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Messages - bulletproof

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Current Law Students / Re: Putting "Moot Court" on Resume?
« on: March 16, 2006, 09:17:57 PM »
Most people who participated in Moot Court Competiton don't make it to the quarter finals, finals, or win.  Here are my questions:

1) Can you put "Moot Court" or "Trial Court" on your resume when you participated in but did not win?  Meaning, you didn't even make it to quarter finals, etc.

2) Do most of them put it on the resume? Or do they leave it out, because they don't want to explain how they participated and not make it even to the quarter finals?

3) When firms advertise they are looking for people who are on Moot Court, do they mean someone who "participated" or someone who "won"?

Iím fairly sure your question pre-supposes someone who did compete against other schools.  What would be the point of a moot court team that didnít enter a competition.

As far as putting it on your resume, sure - why not?  Having a place on the team would usually (if not always) mean that you had to compete against your classmates and win a spot on the team.  So you are able to show you were obviously at least good enough to win the selection process and make the team.  It should also mean that you did compete against other schools and therefore probably gained some valuable experience, even if you didnít get a trophy.

Current Law Students / Re: curves? i dont get it.
« on: March 15, 2006, 09:42:12 PM »
At Cooley students use the same books T1 schools use and learn the exact same material out of them. However, Cooley grades atrociously. To earn a B or a C for that matter at Cooley is a well accomplished thing. Cooley grades based on the knowledge of a practicing attorney. A Cooley grad with a 2.50 GPA could blow a tier one grad with a 3.50 out the door knowledge-wise.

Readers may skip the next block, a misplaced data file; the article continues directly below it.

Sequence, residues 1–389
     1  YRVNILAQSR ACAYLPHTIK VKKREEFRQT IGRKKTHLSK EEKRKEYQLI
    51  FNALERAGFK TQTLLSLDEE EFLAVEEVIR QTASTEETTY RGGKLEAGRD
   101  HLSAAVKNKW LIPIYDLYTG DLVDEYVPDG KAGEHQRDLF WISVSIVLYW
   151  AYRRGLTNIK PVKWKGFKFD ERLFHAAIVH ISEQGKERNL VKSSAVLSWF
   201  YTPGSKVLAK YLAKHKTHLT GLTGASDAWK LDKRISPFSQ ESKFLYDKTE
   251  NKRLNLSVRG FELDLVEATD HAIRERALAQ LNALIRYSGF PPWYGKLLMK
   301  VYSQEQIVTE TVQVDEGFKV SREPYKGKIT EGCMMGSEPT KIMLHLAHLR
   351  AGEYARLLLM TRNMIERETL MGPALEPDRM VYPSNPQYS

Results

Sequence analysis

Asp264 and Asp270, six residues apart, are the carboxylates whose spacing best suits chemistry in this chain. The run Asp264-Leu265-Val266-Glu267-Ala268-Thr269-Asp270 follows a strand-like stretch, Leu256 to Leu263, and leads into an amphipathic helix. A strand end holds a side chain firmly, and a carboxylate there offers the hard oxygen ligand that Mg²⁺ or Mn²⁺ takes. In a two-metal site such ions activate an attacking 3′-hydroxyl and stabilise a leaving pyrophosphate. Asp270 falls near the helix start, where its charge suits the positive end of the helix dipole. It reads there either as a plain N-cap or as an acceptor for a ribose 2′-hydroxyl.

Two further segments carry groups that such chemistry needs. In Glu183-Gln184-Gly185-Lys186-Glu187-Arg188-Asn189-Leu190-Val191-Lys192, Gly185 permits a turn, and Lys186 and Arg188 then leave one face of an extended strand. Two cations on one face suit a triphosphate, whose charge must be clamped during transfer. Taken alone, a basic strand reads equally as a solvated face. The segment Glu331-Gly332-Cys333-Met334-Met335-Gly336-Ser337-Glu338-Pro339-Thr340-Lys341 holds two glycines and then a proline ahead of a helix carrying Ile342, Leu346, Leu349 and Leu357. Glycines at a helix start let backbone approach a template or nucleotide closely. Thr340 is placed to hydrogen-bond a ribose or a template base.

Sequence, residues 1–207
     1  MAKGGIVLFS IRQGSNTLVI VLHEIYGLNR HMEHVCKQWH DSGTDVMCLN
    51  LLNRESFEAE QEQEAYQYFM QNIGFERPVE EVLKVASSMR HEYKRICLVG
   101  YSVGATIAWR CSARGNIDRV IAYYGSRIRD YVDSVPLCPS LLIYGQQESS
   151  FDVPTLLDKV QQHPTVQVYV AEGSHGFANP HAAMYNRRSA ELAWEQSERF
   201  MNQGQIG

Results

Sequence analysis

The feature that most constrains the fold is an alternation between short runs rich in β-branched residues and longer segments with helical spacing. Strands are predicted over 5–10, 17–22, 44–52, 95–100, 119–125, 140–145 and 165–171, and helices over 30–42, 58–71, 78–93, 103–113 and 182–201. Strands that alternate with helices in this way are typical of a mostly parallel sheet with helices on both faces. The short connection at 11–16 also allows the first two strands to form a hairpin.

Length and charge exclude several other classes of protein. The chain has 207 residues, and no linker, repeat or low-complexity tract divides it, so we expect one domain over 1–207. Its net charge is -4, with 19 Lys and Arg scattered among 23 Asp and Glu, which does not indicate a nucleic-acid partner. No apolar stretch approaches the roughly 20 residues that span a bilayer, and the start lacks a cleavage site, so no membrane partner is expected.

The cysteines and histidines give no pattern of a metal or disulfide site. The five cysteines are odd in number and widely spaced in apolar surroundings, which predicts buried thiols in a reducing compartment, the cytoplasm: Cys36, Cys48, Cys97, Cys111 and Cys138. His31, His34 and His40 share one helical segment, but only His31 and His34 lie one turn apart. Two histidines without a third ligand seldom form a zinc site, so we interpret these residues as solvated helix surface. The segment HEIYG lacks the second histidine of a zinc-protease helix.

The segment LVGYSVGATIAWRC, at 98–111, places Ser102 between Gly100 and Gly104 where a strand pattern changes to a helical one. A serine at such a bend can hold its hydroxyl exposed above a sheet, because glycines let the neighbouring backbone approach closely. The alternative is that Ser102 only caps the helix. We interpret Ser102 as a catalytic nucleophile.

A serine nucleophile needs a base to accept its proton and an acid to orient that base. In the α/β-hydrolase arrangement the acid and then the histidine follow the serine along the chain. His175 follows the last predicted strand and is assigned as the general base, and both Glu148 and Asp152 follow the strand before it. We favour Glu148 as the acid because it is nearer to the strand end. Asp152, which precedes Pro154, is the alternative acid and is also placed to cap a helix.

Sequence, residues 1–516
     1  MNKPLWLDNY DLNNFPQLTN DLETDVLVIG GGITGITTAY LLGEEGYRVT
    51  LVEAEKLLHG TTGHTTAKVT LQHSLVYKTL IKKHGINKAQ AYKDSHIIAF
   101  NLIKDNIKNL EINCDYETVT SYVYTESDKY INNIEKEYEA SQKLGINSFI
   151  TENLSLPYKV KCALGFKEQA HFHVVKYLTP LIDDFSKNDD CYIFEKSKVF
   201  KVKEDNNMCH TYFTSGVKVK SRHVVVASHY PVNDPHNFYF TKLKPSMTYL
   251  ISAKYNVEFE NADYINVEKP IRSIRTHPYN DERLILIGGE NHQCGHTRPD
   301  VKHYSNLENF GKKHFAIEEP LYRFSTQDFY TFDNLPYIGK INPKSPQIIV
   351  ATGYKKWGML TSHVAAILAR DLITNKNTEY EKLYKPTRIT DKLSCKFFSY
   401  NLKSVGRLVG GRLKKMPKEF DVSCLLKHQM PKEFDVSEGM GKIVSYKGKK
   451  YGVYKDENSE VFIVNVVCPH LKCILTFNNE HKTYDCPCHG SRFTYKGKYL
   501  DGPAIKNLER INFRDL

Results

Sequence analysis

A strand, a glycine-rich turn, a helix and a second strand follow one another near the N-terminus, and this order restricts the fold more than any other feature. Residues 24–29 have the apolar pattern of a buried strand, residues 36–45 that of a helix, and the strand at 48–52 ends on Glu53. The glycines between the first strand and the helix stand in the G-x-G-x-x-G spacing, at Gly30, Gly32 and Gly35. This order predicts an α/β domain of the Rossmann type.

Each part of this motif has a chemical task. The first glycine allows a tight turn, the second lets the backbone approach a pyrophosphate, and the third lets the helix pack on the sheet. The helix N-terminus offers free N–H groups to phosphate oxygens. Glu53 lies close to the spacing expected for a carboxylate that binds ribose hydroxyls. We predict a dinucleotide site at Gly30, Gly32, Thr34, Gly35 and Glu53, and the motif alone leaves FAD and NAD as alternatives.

Is this a serious statement?  I am not about school bashing, T1-2-3-4, whatever... if you are driven enough and try hard you'll get something out of it and perhaps become a brilliant lawyer someday, no matter where you went to school.  But to say a 2.5 gpa at Cooley is better than a 3.5 at T1 school??  If you said a 3.5 = 3.5 I wouldn't have thought much about it.  Earning a B or C is a well accomplished thing?  So then shall we assume most people are getting Ds and Fs there?  I looked into the Cooley stats on noticed that the median GPA entering was 3.01 and the median LSAT was 147, yes the last two digits are 4 and 7.  The bar passage rate for first timers?  55%.  You've got about a half-half chance of making it thru after graduation.  The tuition is about $23K, much more than many state schools with higher rankings and stats.  So I can assume there are a great many people that go to Cooley, and pay more $$, because it was the only school they could get into.  Not because of it's rep in the law community.  School pride is great, but there are limits.  It is unfortunate that people choose to spend time picking on Cooley or other schools for that matter, but lets not take that to mean that we will start trying to convince the world that Cooley is really way better than all the other schools.  Same text books and same subjects does not equal same dean, same professors, same student body.